Ok, so you’ve bought an acoustic guitar (or two) and learned how to play it, but how do you look after it so that you’ll still be able to play it in the years to come?

1 – Keep it in its case

The most common piece of advice when it comes to looking after your acoustic guitar is to keep it in its case as often as you can. Sure, a guitar looks great on a stand in your living room, but this can lead to it becoming dusty or getting knocked about by children or pets. Keeping it in its case keeps it protected.

2 – Keep it clean

Keeping your acoustic guitar clean should be an essential part of your general guitar maintenance routine. This routine should include cleaning the body, cleaning the fingerboard and even the strings.

Your skin gets oily and sweaty and these natural secretions can take their toll on the guitar body, fingerboard, frets and strings. So whether your guitar is a regular pick-up and play instrument or a handcrafted masterpiece, it will doubtless benefit from this most essential of maintenance.

The Body

Use a microfiber cloth to remove finger prints from your guitar body. Standard cloths tend not to remove the grease left from finger prints, however microfiber cloths should do the trick. There are plenty of guitar body polishes available if you want to keep your guitar looking its absolute best.

NB: If you have an older or vintage guitar, you must be very careful. Most modern types of polish will use chemicals and silicon which can sometimes damage the lacquer on historic instruments. So seek professional advice before polishing your 1930s classic!

The Fingerboard

You may not really notice the fingerboard since it is located under the strings, but try removing the strings to take a look. Fingerboards can get surprisingly dirty!

When you’re replacing the strings, just take a soft cloth with specialised guitar fretboard cleaner and carefully wipe the fingerboard. It is recommended that you use a special cleaning oil as this will not only remove dirt but will also apply a proper amount of oil to the fingerboard. This is definitely something worth making a habit of but don’t over do it!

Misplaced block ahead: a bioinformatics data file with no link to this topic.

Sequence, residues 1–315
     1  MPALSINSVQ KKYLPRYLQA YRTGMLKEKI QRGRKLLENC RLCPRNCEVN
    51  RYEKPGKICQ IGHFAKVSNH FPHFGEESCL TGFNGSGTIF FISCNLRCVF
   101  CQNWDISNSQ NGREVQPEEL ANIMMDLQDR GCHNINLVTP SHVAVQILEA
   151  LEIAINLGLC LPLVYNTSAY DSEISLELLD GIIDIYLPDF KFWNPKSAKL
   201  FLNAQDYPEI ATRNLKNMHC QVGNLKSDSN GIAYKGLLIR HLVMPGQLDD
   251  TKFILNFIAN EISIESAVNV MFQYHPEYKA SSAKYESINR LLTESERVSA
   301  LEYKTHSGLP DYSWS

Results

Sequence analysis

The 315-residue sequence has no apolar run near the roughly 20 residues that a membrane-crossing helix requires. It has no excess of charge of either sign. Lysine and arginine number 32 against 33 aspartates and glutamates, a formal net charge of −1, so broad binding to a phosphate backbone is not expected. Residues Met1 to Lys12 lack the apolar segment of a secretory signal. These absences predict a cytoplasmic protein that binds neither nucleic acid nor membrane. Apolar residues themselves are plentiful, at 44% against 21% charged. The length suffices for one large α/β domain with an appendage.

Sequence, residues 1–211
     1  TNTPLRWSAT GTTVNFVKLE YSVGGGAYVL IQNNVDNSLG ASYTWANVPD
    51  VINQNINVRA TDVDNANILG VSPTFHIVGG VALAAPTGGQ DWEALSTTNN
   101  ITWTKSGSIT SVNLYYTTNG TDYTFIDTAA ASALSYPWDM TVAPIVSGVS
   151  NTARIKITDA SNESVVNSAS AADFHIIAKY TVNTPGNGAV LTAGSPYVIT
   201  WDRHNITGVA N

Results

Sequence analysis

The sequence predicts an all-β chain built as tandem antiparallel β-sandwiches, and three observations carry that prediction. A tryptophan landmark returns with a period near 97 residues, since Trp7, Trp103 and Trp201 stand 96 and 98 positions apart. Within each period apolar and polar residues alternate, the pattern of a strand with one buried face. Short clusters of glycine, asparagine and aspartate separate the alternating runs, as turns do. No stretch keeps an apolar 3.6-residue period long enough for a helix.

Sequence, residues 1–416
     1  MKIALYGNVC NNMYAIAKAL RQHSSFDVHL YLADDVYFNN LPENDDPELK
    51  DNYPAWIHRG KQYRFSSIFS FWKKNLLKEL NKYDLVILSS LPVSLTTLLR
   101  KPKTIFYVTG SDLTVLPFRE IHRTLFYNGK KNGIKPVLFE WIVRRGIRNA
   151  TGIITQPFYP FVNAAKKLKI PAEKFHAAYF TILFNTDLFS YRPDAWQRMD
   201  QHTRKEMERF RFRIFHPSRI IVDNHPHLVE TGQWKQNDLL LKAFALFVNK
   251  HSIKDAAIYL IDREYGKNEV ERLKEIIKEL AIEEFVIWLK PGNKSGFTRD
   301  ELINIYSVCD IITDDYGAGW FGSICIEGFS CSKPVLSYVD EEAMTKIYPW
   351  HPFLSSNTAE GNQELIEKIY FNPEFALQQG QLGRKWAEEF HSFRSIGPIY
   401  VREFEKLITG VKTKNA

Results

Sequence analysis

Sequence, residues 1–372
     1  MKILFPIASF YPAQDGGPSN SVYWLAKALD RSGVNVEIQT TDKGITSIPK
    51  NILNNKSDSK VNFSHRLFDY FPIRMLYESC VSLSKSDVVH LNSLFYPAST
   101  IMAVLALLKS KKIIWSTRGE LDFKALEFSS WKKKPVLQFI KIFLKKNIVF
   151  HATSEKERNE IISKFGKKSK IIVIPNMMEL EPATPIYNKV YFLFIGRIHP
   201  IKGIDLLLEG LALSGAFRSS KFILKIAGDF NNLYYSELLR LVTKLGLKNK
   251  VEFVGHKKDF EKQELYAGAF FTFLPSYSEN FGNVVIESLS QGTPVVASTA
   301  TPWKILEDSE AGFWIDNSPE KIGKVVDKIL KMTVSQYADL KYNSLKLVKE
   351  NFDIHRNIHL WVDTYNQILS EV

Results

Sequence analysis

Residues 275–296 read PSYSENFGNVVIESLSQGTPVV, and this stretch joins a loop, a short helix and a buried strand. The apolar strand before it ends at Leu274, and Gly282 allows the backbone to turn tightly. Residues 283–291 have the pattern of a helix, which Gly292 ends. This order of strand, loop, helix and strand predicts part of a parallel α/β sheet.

The Strings

Unsurprisingly, the condition of your strings will have a huge effect on the quality of your guitar’s sound. Some people change their strings very frequently, and that’s to be advised if you’re a professional player with a heavy gigging schedule. However, for most of us who aren’t gigging every night, cleaning your strings after each session will ensure they last longer and sound better for longer too.

All you have to do is spray a little string cleaner onto a clean, lint-free cloth and wipe the strings. It will remove the oils and sweat from the string surface ensuring they sound good for longer.

If you use coated strings, you will find that they need cleaning less regularly, as they are already coated in a protective layer. However, users of traditional uncoated strings will benefit the most from a regular string wipe.

3 – Restring your guitar

In addition to causing the sound of the guitar to suffer, old strings can lose their pitch. It is therefore necessary to periodically replace the strings on your instrument. The regularity with which they must be replaced depends on how the instrument is played. Those playing every day are advised to replace strings once per month, or even once every few weeks. Those playing less often should replace the strings every three months if possible.

When putting on a new set of strings, make sure to stretch/pull them slightly with your fingers. Tune them back up and do it again. After a couple of times this should stabalize and help the guitar stay in tune better.

4 – Leave a pencil in your guitar case

When tuning your instrument the nut and string may scrape, causing a very unpleasant sound. If this occurs, the nut has been worn down and the string can no longer move smoothly. This will make it difficult to tune and could even cause the string to snap, so it is better to take care of it as soon as you can.

If the nut makes this kind of noise during rehearsal or right before going on stage, you can use a pencil as an emergency measure. Just lightly rub the groove of the nut with a pencil. Although simple, this works quite well. Particles from the graphite enter the groove, reducing the friction between the string and nut and lubricate the groove. However, it will only last for a few days and is only an emergency measure.

5 – Replace your nuts

Nuts are consumable parts, and should be replaced after their grooves have been reshaped several times. The sound of a guitar varies widely depending on the material of the parts that make contact with the strings, so changing the nut with one made from a different material can give the sound a noticeably different impression.

If you have any questions about looking after your acoustic guitar, give me (Bob) a call on 01524 410202 or come in and see me.